Updated: May 20, 2020 3:36:04 am
Ever since the dawn of a post-COVID-19 reality, the world’s focus has temporarily shifted from geopolitical faultlines, like belligerent neighbours and trade wars, to a human catastrophe that is still unfolding. On at least three occasions, Prime Minister Narendra Modi has announced mass acts of appreciation for healthcare workers, the last one being the show of support from the armed forces. But this has not led to sensitive handling of the needs of healthcare workers (HCWs) and an appreciation of the issues plaguing them.
The government took a laudable initiative by promulgating The Epidemic Diseases (Amendment) Ordinance, 2020 to check the acts of violence — including social ostracisation — perpetrated by insensitive landlords and neighbours. However, the implementation of the law remains a concern: HCWs continue to suffer discrimination even while being praised in social media posts and WhatsApp forwards.
The ordinance provides a broad definition to “acts of violence” and by extension, provides better protection, at least on paper. This has, however, failed to transpire into action — cases of assault by police continue to make headlines. The government should embark on a sensitisation exercise that should complement the blitz of the sporadic acts of applause.
While social stigma has been partially addressed, the macro-level steps taken by the government, especially with regards to the procurement of PPEs for the frontline workers, leave a lot to be desired. The ICMR, which doesn’t have any history or experience with procurement strategies, was given the responsibility to procure PPES. The Centre should encourage the state governments to spearhead PPE procurement to prevent more HCWs from being exposed to the disease.
The lapses in the procurement of PPE kits have resulted in high exposure of healthcare workers to the disease. According to reports, more than 500 doctors, nurses and paramedics have been infected by the virus. This figure does not include the number of field workers, ward boys, sanitation workers, security guards, lab attendants, peons, laundry and kitchen staff at healthcare centres.
The matter requires urgent consideration — we have seen that with more HCWs contracting the disease, the number of those willing to work under such pitiable conditions comes down sharply.
It is high time that India focuses on bringing a healthcare services welfare bill to protect the interests of HCWs, especially nurses and other paramedical staff, whose working conditions often compel them to make difficult choices. The government needs to recognise that HCWs are exposed to several diseases all year round.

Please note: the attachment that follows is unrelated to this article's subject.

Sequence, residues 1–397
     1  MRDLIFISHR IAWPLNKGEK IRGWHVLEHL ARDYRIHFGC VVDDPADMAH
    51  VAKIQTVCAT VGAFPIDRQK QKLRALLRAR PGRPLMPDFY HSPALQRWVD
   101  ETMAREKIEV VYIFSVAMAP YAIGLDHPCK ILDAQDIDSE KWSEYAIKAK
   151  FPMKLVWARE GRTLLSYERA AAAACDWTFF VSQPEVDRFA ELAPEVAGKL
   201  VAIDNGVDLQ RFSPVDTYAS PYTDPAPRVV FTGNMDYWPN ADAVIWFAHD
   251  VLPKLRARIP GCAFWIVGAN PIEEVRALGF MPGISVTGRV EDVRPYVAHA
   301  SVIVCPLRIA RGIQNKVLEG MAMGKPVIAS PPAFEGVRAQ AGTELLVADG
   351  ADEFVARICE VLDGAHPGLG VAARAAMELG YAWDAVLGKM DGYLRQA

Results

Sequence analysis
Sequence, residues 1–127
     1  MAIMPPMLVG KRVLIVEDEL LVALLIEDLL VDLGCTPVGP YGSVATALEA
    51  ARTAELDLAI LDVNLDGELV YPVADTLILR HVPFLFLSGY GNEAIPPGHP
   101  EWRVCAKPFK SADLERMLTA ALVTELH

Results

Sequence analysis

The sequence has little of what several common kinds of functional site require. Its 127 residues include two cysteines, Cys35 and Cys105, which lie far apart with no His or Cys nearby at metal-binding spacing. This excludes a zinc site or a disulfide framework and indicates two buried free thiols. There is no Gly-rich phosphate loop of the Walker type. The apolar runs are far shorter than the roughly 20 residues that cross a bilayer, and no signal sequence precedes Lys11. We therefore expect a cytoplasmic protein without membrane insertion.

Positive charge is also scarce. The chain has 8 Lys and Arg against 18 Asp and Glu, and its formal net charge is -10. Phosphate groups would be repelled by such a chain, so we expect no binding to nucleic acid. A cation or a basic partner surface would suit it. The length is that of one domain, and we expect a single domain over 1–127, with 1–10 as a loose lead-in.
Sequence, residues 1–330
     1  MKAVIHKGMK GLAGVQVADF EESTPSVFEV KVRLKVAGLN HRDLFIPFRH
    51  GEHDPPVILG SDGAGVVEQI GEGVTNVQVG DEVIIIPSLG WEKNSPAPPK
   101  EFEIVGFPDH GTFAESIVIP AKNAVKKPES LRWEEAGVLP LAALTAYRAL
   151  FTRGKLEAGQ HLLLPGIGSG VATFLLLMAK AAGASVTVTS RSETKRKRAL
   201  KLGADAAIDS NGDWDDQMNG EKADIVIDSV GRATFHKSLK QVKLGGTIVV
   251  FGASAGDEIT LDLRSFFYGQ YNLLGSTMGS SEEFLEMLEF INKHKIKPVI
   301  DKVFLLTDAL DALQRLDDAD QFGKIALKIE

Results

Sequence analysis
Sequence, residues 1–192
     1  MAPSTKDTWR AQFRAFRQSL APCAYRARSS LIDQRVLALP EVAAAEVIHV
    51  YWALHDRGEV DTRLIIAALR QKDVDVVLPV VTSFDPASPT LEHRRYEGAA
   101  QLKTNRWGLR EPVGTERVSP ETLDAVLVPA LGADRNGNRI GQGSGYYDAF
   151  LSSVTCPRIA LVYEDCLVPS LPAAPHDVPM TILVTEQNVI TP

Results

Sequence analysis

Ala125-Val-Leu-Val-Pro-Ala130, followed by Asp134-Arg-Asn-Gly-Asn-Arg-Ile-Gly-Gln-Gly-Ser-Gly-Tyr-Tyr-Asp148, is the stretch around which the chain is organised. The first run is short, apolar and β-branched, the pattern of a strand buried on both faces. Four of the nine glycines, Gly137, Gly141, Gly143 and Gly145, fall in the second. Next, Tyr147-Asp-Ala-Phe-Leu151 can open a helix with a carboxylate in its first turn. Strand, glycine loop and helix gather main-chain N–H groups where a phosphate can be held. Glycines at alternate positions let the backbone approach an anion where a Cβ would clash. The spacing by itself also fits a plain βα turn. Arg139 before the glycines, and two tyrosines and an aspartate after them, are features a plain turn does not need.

The ordinance to amend the Epidemics Act, 1897 offers too little to the HCWs. There is no law to deal with the welfare of healthcare workers. The Delhi Medical Council’s recommendation to the state for compensation to medical staff who fall sick or succumb to the virus, while on duty, also doesn’t address the root cause of the problem. The last major step in this regard was taken by the Supreme Court in Trained Nurses Association V. Union of India, 2016. The Court directed the Centre to lay down guidelines for the welfare of nurses. But no efforts have been undertaken to alleviate the concerns raised in that petition. HCWs require a special legislation, as directed by the SC, to address their concerns — not a patchwork of temporary provisions. This is arguably the best way to thank the healthcare workers for their services during this crisis.
The ruling dispensation, and the public in general, have related to the healthcare worker with a “hero syndrome” during the pandemic. Terms like COVID warriors have been used abundantly. It is, of course, important to appreciate the courage of the healthcare community, which has tried to serve the nation despite difficult odds. But it is equally important to acknowledge their concerns and not sacrifice them on the altar of hero worship.
Citizens need to be sensitised by the government and the government should be questioned consistently on the issue of HCW safety. The authorities should not muzzle the genuine concerns raised by doctors and nurses as it has often done during the lockdown.
It is time we see HCWs as complex human beings and not merely hero-worship them.
(The writer is honorary legal adviser at the Indian Professional Nurses Association)
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